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Abstract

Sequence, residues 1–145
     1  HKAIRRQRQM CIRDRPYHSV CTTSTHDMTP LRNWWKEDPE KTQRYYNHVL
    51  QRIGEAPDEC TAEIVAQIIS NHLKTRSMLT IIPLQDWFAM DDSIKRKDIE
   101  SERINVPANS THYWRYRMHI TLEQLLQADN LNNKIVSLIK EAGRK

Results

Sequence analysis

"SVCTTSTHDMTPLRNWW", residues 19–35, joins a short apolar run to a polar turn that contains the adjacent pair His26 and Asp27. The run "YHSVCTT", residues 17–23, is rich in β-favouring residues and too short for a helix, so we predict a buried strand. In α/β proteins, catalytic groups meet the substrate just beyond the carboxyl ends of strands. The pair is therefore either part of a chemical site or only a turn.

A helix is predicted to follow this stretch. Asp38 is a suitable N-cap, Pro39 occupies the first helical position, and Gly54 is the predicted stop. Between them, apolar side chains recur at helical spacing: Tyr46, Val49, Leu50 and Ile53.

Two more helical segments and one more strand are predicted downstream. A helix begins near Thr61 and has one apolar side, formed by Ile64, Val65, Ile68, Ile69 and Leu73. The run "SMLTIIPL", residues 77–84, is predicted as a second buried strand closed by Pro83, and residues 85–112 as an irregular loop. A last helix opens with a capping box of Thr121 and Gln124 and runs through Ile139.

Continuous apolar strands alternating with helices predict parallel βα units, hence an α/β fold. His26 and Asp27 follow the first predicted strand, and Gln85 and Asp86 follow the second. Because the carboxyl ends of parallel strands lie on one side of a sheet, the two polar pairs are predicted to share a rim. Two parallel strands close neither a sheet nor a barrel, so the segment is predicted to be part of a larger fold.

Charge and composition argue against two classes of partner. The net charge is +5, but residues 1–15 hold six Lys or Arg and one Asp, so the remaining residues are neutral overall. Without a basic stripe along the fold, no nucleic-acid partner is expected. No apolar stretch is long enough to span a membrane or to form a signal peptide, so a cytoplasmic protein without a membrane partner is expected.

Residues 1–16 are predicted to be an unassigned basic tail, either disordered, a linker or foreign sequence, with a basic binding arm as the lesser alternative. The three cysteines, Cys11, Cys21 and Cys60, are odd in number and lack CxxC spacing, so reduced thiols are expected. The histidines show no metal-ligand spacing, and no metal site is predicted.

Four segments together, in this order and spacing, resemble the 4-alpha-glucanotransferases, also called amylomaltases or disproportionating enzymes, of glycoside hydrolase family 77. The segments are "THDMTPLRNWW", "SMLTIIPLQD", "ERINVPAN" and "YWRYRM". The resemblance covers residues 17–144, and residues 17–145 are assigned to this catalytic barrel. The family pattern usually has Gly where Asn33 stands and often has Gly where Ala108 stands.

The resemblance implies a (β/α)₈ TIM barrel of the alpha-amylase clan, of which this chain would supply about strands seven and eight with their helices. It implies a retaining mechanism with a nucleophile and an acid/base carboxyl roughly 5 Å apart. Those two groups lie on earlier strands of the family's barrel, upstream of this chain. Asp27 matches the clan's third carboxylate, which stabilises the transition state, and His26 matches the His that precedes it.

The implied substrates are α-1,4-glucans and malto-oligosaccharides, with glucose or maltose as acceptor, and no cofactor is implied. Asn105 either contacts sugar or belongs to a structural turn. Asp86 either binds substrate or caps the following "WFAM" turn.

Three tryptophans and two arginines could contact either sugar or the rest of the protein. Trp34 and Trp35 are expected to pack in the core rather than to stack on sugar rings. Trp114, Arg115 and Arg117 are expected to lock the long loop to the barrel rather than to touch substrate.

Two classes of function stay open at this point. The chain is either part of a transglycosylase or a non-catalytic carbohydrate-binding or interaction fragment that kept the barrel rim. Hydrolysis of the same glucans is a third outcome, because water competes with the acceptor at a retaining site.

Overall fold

A cohort study of upper aerodigestive tract cancer was conducted among 7,995 Japanese—American men who were interviewed and examined from 1965 to 1968. Information was collected about smoking history and alcohol and dietary intake. After 24 years, 92 incident cases with histological confirmation of diagnosis were identified. Current cigarette smokers at time of examination had a 3-fold risk for upper aerodigestive tract cancer compared with never-smokers. A dose-response relationship was present with increasing amount and duration of cigarette use. Consumption of beer, wine, spirits and total alcohol was strongly associated with increased risk. Of 23 food and beverage categories, only candy/jelly/soda pop consumption had a statistically significant inverse trend. Frequent consumption of fruit was also inversely associated with this cancer. In contrast, the risk tended to be positively associated with consumption of rice, seaweed, tofu or tsukudani (a mixed dish of fish, sugar, soy sauce and seaweed), but the dose—response relationship was not statistically significant. For nutrient intake, increased calcium and fat intake decreased the risk for this cancer.